Among the results: not one, but two pensions for Rosemary.
“Rosemary had a pension from a previous marriage and was not given the whole picture,” he found. On top of that, “Larry had also signed up for a pension that allowed for 50 percent survivorship — a benefit Rosemary did not know about.”
The planner also used an independent broker to “get the same homeowners and auto-insurance coverage from a highly rated company for about $450 a year less.”
Next up: health-care benefits.
Larry was already using some of his Veterans Affairs benefits, but he was unaware he was also eligible for VA Medicare supplemental insurance to help defray costs of his future dementia care. Now they’re working to tap that coverage. Reamer is also trying to get Rosemary approved for benefits before she leaves her job.
“This is a great strategy that will improve Larry’s quality of care both in and out of the house, help reduce their monthly expenditures and improve their overall financial picture,” Reamer says.
The savings are “significant” — perhaps up to 80 percent of what they had been spending on Larry’s out-of-pocket health-care expenses, according to the planner.
Next was dealing with the Social Security Administration. Rosemary didn’t have a retirement plan, and she worried she would be working for much “of Larry’s lucid time” and unavailable “to help as he declines.”
“It’s hard to create any universal words of wisdom about (retirement planning) because there are a ton of nuances to Social Security,” Reamer says. In the Hills’ case, Rosemary will defer her benefits when she eventually retires and will qualify for half of Larry’s benefits in the meantime, allowing her Social Security benefits to grow by 8 percent for a few more years.
The key, says Reamer, “is making sure your financial goals determine the best benefits option and not the other way around.”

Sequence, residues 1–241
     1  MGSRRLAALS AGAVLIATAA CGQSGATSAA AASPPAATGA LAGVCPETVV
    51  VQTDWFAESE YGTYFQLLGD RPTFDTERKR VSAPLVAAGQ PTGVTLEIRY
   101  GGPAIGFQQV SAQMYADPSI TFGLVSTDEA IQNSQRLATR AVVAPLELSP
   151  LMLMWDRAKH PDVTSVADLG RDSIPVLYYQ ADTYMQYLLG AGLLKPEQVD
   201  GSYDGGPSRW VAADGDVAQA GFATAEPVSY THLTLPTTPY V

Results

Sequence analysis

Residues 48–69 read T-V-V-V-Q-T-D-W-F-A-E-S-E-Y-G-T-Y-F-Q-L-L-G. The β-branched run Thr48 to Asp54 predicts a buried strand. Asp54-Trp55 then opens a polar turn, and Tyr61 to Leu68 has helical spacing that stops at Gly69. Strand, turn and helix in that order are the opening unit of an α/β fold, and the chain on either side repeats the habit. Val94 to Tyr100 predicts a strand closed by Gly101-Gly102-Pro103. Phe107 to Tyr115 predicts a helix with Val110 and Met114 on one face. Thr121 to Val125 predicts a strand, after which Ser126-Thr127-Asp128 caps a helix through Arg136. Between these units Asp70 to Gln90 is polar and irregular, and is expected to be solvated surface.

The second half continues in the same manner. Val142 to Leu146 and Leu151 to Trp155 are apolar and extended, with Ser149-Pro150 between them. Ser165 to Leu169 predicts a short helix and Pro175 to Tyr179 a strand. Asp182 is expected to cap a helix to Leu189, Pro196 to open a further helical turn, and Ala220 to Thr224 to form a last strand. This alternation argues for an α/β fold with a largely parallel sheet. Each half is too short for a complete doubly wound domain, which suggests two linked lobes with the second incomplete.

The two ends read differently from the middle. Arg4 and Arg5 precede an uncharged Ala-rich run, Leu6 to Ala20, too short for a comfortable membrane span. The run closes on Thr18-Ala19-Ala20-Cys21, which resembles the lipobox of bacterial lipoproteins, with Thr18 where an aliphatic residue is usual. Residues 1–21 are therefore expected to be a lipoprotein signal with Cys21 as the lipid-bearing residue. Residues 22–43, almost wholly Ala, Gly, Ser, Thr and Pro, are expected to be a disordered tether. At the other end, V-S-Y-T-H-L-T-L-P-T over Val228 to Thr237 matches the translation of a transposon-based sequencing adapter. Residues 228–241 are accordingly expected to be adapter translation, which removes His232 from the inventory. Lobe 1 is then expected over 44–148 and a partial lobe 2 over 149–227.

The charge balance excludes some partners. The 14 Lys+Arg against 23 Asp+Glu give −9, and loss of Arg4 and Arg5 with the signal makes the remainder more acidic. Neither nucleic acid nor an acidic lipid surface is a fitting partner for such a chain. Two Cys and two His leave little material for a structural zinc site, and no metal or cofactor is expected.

Reamer says the hardest part for Rosemary was not knowing which questions to ask. “People who are under a lot of stress don’t always have the capacity to deal with it or get the right information.”
Other times, he adds, they’re afraid of bad news.
In all cases, he advises working with someone “who understands the changing Social Security landscape, and can get the right information for the right analysis.” For some seniors, “collaborating with their adult children can help facilitate this process.”
Finally, Reamer advised the couple to consider an investment strategy he calls “the bucket approach.”
This approach involves breaking up expenses, income needs and potential portfolio supplement into “different buckets or years.”
“Bucket 1 is the next seven years; Bucket 2 is the following seven years, and Bucket 3 is everything needed after year 14,” he explains. “Bucket 1 is very conservative, with the goal to not lose money. Bucket 2 has the goal of slightly outperforming inflation and not losing money, and Bucket 3 is capital appreciation.
“The whole idea is to give yourself a full 14 years of income from a portfolio with relatively low risk, while allowing the remainder of your portfolio to take advantage of asset classes that appreciate more over time.
“Our bucket strategy is simply that if you need money soon, take as little risk as possible. If you need it sooner than later, take a little risk. And if you do not need it for quite a while, then invest in assets projected to do well over the long-term,” Reamer adds.
“This was eye-opening,” says Rosemary. “I always thought the exact opposite. I thought the best way of planning for the future was to keep any money for the future liquid and safe, because you never know what will happen.”
As Larry’s health-care needs shift, more planning will likely be necessary, Reamer says. They have come a long way, he says.
“At the beginning, Rosemary was very nervous,” he says. “We were able to ease her concern and provide the reassurance that she has the resources to provide the retirement she is hoping for.”